Stanford University has begun negotiations with the County of Santa Clara for a Development Agreement on community benefits that could be required as part of future campus expansion. This creates an opportunity to achieve long-sought protection for more than 2,000 acres of open space known as the Stanford foothills. Please sign Committee for Green Foothills’ Protect the Stanford Foothills petition to urge the County of Santa Clara to permanently protect this important open space.
What’s At Stake?
These 2,000 acres of grassy hillsides and oak savannah provide irreplaceable habitat for wildlife, including the rare California tiger salamander. Most of the hillside grasslands in northern Santa Clara County have been lost to development, meaning that those rolling golden hills you can see on both sides of Highway 280 between Page Mill Road and Alpine Road are some of the last grassland habitat for miles.
The Stanford foothills are located outside the university’s Academic Growth Boundary (the official limit of campus development, also known as the AGB) and currently designated as open space—no permanent buildings are allowed there.
Source: Stanford University 2018 General Use Permit Application Summary and Overview
The AGB (black dotted line on map), established in 2000 as part of the Stanford University Community Plan, can’t be modified unless a supermajority (4/5) vote of the County Board of Supervisors approves. This requirement will expire in the year 2025. After that, only a simple majority vote of the Board is required to allow development in the foothills.
We have an opportunity in the coming months to amend the Community Plan to make the 4/5 supermajority vote requirement for modifying the AGB into a permanent requirement. The County could decide to include the 4/5 vote requirement in its negotiations with Stanford over a Development Agreement, part of Stanford’s application for a permit that will authorize the overall amount and type of development on its land until 2035.
Stanford has plenty of room to build within its current perimeter and does not need to develop in the foothills. Several months ago, the County released part of a study that showed Stanford could nearly triple its existing density without sprawling beyond the AGB and without becoming any denser than comparable university campuses. This is not to say that Stanford should or will increase its development on the core campus to that extent, merely that if the university wishes to add more academic or residential space on its campus, it does not need to build in the foothills to do so.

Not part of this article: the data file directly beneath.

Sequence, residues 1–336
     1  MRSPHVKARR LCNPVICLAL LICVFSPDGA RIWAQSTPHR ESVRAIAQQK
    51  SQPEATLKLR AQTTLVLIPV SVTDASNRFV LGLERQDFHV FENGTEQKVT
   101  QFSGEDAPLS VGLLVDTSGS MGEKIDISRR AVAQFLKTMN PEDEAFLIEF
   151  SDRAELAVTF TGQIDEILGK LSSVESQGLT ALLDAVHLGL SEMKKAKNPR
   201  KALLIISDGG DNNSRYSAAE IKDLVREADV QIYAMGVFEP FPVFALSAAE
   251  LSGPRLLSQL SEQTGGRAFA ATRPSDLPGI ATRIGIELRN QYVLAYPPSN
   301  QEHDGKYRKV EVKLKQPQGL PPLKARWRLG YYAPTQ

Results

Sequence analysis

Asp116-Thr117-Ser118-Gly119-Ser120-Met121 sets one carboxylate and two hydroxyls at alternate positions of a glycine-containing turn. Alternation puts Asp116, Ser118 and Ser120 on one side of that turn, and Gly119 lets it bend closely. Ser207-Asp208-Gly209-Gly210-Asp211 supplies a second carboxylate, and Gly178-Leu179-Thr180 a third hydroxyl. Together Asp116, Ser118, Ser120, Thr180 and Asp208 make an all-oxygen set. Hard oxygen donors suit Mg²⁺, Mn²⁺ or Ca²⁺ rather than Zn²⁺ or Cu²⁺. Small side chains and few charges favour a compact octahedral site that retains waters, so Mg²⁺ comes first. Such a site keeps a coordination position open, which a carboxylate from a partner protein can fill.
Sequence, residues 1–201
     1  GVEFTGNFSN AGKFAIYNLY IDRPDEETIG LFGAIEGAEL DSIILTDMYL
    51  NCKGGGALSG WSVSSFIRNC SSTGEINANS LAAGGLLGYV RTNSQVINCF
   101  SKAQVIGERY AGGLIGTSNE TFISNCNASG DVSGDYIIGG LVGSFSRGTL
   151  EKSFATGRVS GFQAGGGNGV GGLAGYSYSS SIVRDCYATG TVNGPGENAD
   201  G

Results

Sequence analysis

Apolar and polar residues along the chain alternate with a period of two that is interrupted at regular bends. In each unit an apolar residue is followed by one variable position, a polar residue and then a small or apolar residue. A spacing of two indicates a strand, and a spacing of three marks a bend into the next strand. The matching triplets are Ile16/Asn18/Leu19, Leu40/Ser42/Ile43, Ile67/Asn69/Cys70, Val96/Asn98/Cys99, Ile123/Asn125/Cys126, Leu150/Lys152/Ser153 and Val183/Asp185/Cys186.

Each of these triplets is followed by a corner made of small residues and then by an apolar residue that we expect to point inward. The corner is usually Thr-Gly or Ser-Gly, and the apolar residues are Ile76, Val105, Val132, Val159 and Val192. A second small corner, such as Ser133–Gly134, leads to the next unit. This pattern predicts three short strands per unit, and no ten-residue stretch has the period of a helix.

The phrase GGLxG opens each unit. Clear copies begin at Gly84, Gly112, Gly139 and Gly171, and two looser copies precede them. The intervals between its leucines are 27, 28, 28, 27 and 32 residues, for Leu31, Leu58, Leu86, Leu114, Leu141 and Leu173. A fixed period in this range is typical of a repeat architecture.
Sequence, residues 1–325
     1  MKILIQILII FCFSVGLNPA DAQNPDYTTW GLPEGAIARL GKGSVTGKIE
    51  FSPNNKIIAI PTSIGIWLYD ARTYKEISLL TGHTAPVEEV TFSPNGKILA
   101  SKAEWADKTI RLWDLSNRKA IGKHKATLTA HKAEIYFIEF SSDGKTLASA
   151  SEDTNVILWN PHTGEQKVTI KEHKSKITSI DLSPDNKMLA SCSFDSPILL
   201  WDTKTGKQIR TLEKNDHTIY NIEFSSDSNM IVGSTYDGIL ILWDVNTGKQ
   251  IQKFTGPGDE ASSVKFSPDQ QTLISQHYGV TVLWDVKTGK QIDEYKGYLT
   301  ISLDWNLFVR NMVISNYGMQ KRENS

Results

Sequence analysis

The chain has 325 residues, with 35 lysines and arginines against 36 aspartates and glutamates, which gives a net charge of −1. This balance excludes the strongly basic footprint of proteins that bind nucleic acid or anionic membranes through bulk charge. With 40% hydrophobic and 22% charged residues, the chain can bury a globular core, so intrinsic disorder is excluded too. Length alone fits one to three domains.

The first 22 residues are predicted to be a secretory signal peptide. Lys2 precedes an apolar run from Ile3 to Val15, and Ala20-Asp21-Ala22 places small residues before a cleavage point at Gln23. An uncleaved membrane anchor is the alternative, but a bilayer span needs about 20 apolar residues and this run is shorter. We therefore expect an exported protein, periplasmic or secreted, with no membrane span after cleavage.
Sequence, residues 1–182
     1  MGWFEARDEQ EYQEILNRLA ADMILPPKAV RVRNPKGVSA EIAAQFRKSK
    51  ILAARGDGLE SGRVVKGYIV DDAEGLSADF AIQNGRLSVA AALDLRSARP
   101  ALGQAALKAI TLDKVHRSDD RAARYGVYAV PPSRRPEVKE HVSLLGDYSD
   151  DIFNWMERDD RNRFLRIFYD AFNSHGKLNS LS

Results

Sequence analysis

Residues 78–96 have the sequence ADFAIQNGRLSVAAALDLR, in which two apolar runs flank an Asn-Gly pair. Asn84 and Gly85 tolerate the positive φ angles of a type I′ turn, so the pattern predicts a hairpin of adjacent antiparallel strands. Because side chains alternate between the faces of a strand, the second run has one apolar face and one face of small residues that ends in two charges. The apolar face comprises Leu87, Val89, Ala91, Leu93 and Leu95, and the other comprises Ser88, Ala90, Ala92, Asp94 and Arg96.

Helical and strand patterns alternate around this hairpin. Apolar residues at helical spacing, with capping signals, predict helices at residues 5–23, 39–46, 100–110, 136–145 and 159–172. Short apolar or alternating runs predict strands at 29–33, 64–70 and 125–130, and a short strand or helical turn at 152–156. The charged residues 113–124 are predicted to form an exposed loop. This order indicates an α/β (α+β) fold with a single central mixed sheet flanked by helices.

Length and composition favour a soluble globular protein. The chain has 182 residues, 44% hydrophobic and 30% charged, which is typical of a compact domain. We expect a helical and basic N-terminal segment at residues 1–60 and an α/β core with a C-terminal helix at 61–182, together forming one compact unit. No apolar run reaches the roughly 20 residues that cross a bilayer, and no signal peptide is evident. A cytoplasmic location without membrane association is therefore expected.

60 Years of Advocacy
CGF has been fighting to protect the Stanford open space ever since a group of activists gathered in a Los Altos living room in 1959 to “keep factories out of the foothills” and stop a new Stanford proposal to annex 254 acres of open space for industrial development. That battle was lost; those 254 acres are now part of the Stanford Research Park. However, out of that effort, in 1962 Committee for Green Foothills was born. In the decades since, we have fought tenaciously to protect open space, first near Stanford, and then all across San Mateo and Santa Clara Counties. We successfully sued over approval of a subdivision on Stanford lands at Coyote Hill on Page Mill Road; we battled over jurisdictional control of Stanford properties in San Mateo County. In 1999, we teamed up with the Stanford Open Space Alliance to fight for permanent protection of the foothills. The creation of the AGB was a victory, but the 25-year time limit means that this protection will expire in just a few years. We need to seize this opportunity to lock in the protection of the AGB in perpetuity.
Advocating for the Stanford Foothills back in 1999. Photo credit: Peter Drekmeier
Join us in the fight! Sign our petition and stand with us to demand that the Stanford foothills be permanently protected.